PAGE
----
• Parents pay a tax directly to the government at a rate of about 1000 Euros per year for their kid to attend university. This tax puts stress on many an Italian family as the average salary in Italy is between 800 and 1,200 Euros net per month (the average company paying 50 to 100% tax on each worker, depending on the industry and work contract agreement). Since the conversion of the Lire to Euro in 2002, the cost of living has literally doubled while earnings have stayed the same. It should be noted that like all European countries, a national health care system makes medical visits, medicine, hospitalization and treatments for serious diseases available to all.
  • The majority of university students live at home.
  • Many degree programs in university do not require that students attend class or lectures. A philosophy student, for example, may not once enter a classroom during a semester, instead, reading on his or her own and taking an exam to test knowledge covered in a textbook.
  • Professors are generally not available to their students for conversations or meetings. (Many of my students who saw the film, 'Lions for Lambs' were impressed by the relationship between the professor, played by Robert Redford, and his student; half of the film is spent on their conversation during the professor's 'open office' hours.)
  • A large number of people attend university in Italy. The unemployment rate is very, very high and many graduates do not find jobs.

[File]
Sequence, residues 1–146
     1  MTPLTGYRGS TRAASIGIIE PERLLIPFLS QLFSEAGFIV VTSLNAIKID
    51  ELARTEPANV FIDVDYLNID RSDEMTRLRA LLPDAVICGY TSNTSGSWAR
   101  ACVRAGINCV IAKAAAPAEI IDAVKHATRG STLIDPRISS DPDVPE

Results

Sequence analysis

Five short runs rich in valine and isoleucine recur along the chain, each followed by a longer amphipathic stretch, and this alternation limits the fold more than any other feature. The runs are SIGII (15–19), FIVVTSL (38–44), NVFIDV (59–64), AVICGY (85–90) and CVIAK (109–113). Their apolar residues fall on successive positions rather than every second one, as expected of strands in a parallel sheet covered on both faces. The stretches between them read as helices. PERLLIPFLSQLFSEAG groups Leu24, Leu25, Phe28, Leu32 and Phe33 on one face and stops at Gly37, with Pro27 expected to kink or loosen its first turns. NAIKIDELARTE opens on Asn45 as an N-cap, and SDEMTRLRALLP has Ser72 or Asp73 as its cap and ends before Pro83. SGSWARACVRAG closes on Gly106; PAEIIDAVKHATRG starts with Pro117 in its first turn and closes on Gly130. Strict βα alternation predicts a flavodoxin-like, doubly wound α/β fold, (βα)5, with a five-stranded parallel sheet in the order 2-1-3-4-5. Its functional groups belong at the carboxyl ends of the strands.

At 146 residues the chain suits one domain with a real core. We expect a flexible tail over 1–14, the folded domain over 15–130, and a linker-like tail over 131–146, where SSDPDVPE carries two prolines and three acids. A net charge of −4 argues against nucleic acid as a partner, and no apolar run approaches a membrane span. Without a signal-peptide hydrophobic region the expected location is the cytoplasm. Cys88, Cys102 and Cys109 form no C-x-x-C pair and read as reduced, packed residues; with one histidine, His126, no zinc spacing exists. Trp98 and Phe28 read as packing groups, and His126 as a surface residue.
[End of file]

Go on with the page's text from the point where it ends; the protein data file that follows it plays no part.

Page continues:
• There is an underlying feeling that who you know is more important than what you know and this blocks many individuals from achieving professional success, promotion or satisfaction. Italians are highly self critical and readily admit that this system of nepotism is their downfall yet they remain unsettlingly stuck and most would say that there is not much hope of changing this mentality.

  • It is not surprising that many people have asked to look at my ESC catalog of undergraduate studies enjoying the variety of courses offered and are intrigued by how well the system is organized and implemented. Many of them have said they would prefer to pay more for school if it meant better organization and more options. They scoff, however, at the cost of an average four-year public college education in the U.S.A. of $ 7,000.00 per year. There are private universities in Italy but none of them approach the costs of their counterparts in the States.

  • My students have also been impressed at the availability of Federal Student Loans to attend school. One of my friends has been living independently since she was 20 years old but cannot qualify for a loan at the bank because she and her father are still considered a 'family unit'. She is 33 years old.


  1. I've noticed that Italian students tend to do whatever necessary to get a higher score on their tests... yes, I mean what we would refer to as "cheating". I've been curious about the educational system that fosters this trend. The details you give here form an interesting picture.

    Several years ago, we had a student from Italy who (we believe) had some learning disabilties. He also had difficulty relating to his peers. I imagine the Italian school system must have been torture for him!

  2. Thank you for sharing this with me. Yes, kids CHEAT. It is a common occurence. In a strange, contradictory twist, they are punished if caught but not to the extent you would think for such a rigid system. A lot of kids FALL THROUGH THE CRACKS here. If you are a different kind of learner, you don't fit. This is one of the things that make my job interesting (I like working with kids who need help) but also terribly frustrating. I would also like to add that when I compliment or praise my kids, they think I am 'stupid' and am being 'too nice'.